"The family violence task force was developed a year ago because of a significant increase in infant deaths…the community put this working group together to address what we could do to reduce the impact of child abuse," said Nugin.
Victim advocates and project managers, volunteers for Kids Chat, divided the kids into three age groups: three to five years old, six to 10 years old, and 11 to 16 years old. Adults also participated in the service; they gathered in a separate room and addressed their concerns about their husbands returning from deployment.
"Kids Chat speaks to family resilience and making families stronger and happier," said Nugin.
Toddlers and the slightly younger kids drew pictures, completed puzzles, and participated in story time, where the volunteers read stories to their group.
"These types of activities help nurture our children," said Sgt. Brandie Senior, ACS operations, ACS. "Children don't know how to communicate like adults, so integrating games helps them to open up and communicate their feelings and emotions."
Children from each age group showed their enthusiasm for the service through their openness with the volunteers. Children from all three age groups talked about their home lives and concerns about when their parents return from deployment.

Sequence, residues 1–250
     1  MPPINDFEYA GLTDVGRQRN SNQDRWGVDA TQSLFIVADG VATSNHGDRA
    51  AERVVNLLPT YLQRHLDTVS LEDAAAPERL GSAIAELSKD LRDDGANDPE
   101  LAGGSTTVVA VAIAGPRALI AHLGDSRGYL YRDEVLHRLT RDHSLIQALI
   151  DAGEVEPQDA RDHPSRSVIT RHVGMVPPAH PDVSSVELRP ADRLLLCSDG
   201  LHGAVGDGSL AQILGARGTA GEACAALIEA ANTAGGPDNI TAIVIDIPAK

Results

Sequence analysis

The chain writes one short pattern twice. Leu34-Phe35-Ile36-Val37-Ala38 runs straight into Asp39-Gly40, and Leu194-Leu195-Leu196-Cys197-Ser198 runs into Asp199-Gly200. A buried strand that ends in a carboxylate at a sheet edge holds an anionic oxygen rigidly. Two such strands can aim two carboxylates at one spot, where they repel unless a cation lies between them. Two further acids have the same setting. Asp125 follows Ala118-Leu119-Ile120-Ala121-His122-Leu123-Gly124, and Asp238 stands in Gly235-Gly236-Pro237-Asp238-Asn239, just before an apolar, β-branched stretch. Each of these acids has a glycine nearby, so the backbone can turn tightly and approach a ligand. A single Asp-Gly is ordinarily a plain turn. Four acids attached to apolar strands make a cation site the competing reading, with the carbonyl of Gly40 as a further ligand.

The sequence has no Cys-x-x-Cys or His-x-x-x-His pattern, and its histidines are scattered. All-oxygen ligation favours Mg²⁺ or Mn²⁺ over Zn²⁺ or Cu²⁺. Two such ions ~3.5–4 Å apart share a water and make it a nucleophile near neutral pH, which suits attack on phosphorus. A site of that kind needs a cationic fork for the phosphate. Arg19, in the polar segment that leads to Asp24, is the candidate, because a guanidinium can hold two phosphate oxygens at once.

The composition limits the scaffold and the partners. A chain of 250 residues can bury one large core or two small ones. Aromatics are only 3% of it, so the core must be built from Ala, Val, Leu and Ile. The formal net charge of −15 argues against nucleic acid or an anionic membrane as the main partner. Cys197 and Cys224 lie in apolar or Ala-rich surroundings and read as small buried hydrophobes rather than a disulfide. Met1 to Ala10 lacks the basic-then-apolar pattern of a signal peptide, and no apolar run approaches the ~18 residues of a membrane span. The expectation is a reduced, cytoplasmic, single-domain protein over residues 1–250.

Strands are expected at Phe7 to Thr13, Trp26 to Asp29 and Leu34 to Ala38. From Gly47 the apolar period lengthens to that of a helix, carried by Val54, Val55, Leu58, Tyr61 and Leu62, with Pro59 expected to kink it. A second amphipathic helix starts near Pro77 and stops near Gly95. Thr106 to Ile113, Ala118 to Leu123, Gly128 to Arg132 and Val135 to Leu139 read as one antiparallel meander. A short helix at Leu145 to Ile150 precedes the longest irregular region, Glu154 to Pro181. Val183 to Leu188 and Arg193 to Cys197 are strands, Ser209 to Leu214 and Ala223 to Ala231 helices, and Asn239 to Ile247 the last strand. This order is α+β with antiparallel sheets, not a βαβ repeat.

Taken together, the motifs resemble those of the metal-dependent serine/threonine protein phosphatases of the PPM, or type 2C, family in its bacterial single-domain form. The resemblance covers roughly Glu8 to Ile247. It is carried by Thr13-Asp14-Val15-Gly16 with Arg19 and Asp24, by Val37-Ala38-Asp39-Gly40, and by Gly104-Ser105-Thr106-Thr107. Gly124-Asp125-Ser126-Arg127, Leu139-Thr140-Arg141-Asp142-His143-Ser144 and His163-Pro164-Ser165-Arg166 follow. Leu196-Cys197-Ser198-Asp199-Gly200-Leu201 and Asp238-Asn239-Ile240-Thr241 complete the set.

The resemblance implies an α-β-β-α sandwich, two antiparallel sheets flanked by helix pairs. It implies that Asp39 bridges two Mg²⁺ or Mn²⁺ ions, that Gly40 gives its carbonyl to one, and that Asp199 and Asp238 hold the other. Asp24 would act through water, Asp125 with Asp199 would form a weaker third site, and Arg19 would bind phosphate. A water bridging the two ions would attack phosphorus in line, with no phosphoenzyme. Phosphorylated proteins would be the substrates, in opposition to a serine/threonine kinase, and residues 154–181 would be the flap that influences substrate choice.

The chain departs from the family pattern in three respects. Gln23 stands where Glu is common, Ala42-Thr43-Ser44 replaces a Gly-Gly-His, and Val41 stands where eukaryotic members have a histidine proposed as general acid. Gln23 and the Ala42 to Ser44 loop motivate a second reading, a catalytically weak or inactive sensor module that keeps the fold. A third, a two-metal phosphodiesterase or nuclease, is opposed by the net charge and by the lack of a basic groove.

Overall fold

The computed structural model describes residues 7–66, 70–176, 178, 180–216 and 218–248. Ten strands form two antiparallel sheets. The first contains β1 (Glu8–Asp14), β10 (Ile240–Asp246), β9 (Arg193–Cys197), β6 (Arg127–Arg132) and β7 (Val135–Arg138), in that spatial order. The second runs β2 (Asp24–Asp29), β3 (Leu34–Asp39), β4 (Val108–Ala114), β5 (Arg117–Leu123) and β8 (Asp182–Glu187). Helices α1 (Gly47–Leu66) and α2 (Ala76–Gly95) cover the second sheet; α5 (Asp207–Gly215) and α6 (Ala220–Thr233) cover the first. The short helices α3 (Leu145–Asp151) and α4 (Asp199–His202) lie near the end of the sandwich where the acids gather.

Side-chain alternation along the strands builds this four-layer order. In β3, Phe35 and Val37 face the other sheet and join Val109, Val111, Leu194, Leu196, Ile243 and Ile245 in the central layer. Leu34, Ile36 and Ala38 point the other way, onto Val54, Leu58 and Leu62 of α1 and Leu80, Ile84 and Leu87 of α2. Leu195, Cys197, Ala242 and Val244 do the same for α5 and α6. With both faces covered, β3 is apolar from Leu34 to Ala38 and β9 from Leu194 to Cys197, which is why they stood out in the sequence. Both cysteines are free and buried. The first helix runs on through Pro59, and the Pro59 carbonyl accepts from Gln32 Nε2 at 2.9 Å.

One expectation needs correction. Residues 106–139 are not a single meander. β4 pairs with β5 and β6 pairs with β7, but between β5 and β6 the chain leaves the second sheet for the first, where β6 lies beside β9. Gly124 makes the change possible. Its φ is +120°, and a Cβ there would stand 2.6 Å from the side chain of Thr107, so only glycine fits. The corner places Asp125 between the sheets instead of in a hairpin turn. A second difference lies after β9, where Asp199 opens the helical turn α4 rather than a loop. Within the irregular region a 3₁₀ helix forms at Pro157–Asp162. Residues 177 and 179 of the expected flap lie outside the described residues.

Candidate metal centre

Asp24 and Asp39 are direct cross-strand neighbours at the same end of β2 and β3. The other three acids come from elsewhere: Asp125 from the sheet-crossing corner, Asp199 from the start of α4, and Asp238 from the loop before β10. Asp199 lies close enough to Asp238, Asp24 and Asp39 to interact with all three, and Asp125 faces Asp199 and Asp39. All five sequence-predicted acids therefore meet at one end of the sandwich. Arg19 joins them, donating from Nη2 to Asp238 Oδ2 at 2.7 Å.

"One of the things I miss most about my dad is spending time with him," said Evan Burciaga, 13. "When he was home, he would take me to the gun show, but since he deployed, I miss the time we would spend together."
Children in the middle group spent their time making Halloween-style picture frames for family photos, while talking about their parents and how they felt about their parents' deployment.
"We developed this program because, when the war first started, kids didn't have a good place to talk about their dads deploying or coming home," said Nugin.
This service is offered whenever kids are faced with a parent deploying, said Nugin.
In the teen's group of Kids Chat, they colored, made bead jewelry, and participated in an opening-up exercise. They could choose between 14 strips of green paper, each containing a question.
Each teen answered their question, opening up about their lives at home and how their parent's deployment has affected their roles in the family.
"Since my dad has left, I can do things that I haven't done before when he was here," said Jason Griego, 14. "I just feel like I'm a bigger person, like I have matured and become more independent."
As each group wrapped up their session, they all gathered in the 4th BCT HQ common area to mingle and eat ice cream. Kids from each group spoke with each other about what they learned from the service and how it helped them cope with their parents being deployed.
"Kids Chat is a great social-networking environment for our children because they get to be creative and play with adults and other children," said Senior. "The kids light up when you give them that one-on-one attention, making them feel special."
For more information on Fort Carson ACS, Family Advocacy and Family Violence Prevention Programs, call (719) 526-4590, or visit http://community.carson.army.mil/ACS.

Page last updated Fri March 15th, 2013 at 00:00